“Coal Minors Daughter” aka Sankey and “Bald Eagle” aka Skinhead Helen approach Taystee and Cindy about an alliance. Don’t get them wrong—they still hate black people—but they hate Piscatella more. He’s the problem with the whole institution and they need to find a way to get him to resign.
There’s a meeting with representatives from their respective cultural backgrounds and despite their intentions to take down the administration with a peaceful protest, they can’t stop bickering amongst themselves to get their shit together.
Blanca tells Ruiz they should commence with this act of civil disobedience anyway—I mean the Dominicans do have the most bodies. Flores was on that table for what? Three days? She wants more, but Ruiz isn’t so sure.
The rumors fly amongst the prisoners about the possibility of peaceful retaliation, but who is going to start it?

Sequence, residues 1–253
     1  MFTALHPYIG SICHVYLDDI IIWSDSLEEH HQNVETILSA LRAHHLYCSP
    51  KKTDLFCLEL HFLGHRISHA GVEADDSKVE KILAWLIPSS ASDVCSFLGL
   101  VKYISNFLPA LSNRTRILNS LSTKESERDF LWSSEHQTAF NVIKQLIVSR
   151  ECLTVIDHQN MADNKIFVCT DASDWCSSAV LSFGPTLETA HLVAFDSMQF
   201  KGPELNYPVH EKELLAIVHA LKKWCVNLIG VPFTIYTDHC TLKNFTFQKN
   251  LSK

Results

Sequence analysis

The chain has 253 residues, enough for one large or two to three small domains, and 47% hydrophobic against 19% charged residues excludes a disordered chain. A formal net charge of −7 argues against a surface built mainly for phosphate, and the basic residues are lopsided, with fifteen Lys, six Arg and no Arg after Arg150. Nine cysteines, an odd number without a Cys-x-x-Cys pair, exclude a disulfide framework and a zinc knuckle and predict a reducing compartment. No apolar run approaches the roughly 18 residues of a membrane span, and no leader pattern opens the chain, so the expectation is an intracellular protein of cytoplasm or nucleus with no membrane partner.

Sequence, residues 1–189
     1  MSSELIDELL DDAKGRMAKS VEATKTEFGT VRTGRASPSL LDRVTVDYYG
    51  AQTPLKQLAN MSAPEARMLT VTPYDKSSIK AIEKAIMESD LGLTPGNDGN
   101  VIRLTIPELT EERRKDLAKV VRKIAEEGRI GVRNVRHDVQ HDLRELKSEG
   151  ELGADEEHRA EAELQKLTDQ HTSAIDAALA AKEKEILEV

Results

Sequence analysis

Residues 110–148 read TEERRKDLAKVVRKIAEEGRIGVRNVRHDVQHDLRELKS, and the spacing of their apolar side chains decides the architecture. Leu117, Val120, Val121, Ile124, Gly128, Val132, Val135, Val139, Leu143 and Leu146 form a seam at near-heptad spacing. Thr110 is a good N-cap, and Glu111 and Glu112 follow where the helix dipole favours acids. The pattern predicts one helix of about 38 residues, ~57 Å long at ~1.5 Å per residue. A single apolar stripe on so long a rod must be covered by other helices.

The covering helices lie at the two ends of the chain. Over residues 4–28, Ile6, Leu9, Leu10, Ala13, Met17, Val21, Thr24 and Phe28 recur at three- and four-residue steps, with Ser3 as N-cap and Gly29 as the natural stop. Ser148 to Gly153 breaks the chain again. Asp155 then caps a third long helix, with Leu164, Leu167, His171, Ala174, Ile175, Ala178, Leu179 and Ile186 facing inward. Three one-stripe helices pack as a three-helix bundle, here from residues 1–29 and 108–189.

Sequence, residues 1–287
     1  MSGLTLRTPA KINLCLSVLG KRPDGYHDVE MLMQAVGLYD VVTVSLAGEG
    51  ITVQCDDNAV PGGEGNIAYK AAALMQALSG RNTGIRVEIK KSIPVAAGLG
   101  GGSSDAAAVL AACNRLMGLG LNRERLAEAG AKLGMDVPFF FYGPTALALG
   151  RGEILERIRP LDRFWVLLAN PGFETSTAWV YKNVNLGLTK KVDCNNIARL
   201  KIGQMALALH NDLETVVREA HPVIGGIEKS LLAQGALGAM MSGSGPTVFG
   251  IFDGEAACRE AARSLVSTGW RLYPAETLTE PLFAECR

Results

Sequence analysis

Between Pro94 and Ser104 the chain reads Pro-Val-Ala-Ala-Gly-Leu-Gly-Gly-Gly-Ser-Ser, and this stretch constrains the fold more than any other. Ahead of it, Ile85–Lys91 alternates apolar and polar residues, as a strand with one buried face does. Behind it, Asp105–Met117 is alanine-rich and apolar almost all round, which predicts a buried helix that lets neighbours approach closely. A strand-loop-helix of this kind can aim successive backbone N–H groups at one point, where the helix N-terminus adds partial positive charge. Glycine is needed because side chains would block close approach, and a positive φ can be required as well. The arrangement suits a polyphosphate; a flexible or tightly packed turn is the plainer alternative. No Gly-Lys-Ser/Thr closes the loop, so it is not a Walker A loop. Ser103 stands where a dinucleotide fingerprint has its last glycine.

“Nothin’ happened to you, you big turd.” —Tiffany “Pennsatucky” Dogget
Gloria and Burset once had a score to settle with one another, and in a tragic turn of events, things got violent and Burset was sent to the SHU. After a nun stuck a camera phone up her twat, Burset was unceremoniously discharged and sent back to Minimum Security. Gloria, as we know, feels guilty as fuck and makes amends by kicking the Dominicans out of Sophia’s salon and helping her with her wig.
There’s another couple making amends — although this time it’s romantic. Alex and Piper were brought back together by crack-fuelled confessions and have come to rely on one another as they once did. But—just throwing this out there—is this just a relationship of circumstance? Literally they would both be alone if they didn’t band back together. I give it like six months tops.
Although “she wishes” Penn was hitting on her, Boo finally forgives Pennsatucky for speaking to Coates again. Penn was once an ignorant racist, homophobic Bible Thumper, but now she’s shed her hatred, but still finds the Good Book useful in its lessons about forgiveness. She asks Boo to forgive. Explains that she forgave Coates, more for her than for him. That doesn’t stop Boo from giving Coates a good slap though, and a warning not to hurt her again. I’m so happy they’re friends again!